B. Be sure that your purpose for Sunday morning is well defined. If it’s structured in such a way for Believers to really be inspired, refired, etc. then don’t be surprised that people in your church are not comfy inviting their unsaved friends for a service that may be completely irrelevant to them. This should not be construed that I’m in favor of compromising the message to justify an end goal of visitors…I just don’t think we should say we want people to bring visitors and then purposely set up barriers that will encourage just the opposite response! Just a thought!!!  (At Grace Christian Church, where I pastor, we are VERY strategic in how we put a service together, yet allow for the Holy Spirit to direct us as needed during a service. I firmly believe that if I get the Holy Spirit’s direction ahead of time…I’m not grieving nor limiting His movement…I’m OBEYING His leading. Again, just a thought! (Oh, and we are having 20-30 people per week that accept the Lord as Savior in our Sunday Morning service!)

4. Have a friend (unknown to the congregation) come to your church on a Sunday and critique what they experience from the parking lot coming in to the parking lot as they leave. It can be humbling, but beneficial.

5. Back to advertising: your best spent money is really what works for you. Direct marketing can be helpful in some cities, but in a larger town where junk mail is a daily pile of annoyance…you will probably get filed in the circular file rather quickly. Statistically they say that a mail piece has to cross a persons “kitchen counter/table” 7 times before anyone really pay attention to it. If you’re going to do it, be ready to invest longer term, stay with it.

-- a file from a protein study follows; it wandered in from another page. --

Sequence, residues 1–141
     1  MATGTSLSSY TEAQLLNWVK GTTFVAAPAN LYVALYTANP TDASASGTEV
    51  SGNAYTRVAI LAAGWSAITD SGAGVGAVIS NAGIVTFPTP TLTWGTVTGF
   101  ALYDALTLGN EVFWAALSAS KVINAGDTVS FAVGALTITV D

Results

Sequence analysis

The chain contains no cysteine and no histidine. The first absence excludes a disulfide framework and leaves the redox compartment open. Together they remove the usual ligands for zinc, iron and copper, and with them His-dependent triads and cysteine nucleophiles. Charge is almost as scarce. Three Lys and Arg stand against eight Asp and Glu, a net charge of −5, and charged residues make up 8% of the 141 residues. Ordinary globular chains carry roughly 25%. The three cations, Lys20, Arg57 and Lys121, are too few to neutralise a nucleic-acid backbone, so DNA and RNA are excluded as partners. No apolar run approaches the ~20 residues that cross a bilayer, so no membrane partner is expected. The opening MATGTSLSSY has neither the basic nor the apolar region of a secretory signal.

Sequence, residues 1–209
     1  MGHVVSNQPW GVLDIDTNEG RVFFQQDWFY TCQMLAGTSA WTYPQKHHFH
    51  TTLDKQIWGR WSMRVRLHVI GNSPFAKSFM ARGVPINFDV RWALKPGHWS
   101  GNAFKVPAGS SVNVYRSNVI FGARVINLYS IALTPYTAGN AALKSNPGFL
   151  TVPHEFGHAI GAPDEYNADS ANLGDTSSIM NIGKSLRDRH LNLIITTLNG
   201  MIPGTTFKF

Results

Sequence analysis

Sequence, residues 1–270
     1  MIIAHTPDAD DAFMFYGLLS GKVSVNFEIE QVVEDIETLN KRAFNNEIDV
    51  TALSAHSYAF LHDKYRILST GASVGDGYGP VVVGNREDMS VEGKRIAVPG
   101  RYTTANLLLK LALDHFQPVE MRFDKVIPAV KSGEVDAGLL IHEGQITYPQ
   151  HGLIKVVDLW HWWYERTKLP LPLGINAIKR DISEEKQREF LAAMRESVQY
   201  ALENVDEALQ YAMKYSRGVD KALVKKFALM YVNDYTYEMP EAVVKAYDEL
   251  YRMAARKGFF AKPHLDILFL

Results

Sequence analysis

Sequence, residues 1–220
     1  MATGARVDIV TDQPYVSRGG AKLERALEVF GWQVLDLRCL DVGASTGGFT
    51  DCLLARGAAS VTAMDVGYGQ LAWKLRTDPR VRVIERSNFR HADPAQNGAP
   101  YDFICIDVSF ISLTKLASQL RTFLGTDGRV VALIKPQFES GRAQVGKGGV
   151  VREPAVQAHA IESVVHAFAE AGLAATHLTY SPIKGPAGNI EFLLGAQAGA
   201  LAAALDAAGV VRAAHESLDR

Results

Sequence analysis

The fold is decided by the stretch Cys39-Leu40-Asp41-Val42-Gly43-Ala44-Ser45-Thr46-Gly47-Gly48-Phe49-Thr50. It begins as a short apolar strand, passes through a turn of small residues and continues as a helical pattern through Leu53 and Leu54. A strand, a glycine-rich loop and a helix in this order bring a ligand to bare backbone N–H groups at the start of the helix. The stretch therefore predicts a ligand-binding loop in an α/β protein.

Pastor Dean Hawk – Colorado Springs, CO
Our number one best bang-for-the-buck in advertising has been yard signs. We will put out 300-500 signs for three weekends in a row around town on the major thoroughfares. Each intersection will have 10-15 signs. You can’t help but see them and read them. This is far less expensive than a billboard on a single road and you can hit an entire city with your message. We recruited volunteers to take 50 signs each and assigned them the major streets they were to target. Check with your city ordinances for guidelines. Here in Colorado Springs yard signs can be out from noon on Friday through noon on Monday. We have used the signs to promote our special Easter service, various teaching series, and our church in general. Here are a couple things to make it successful.

1. You can purchase the corrugated plastic signs (18” X 24”) for under $2 a piece. This is a two sided, one color print. Just shop online for the best price. The metal stands for the sign will run .50 -.80 cents each.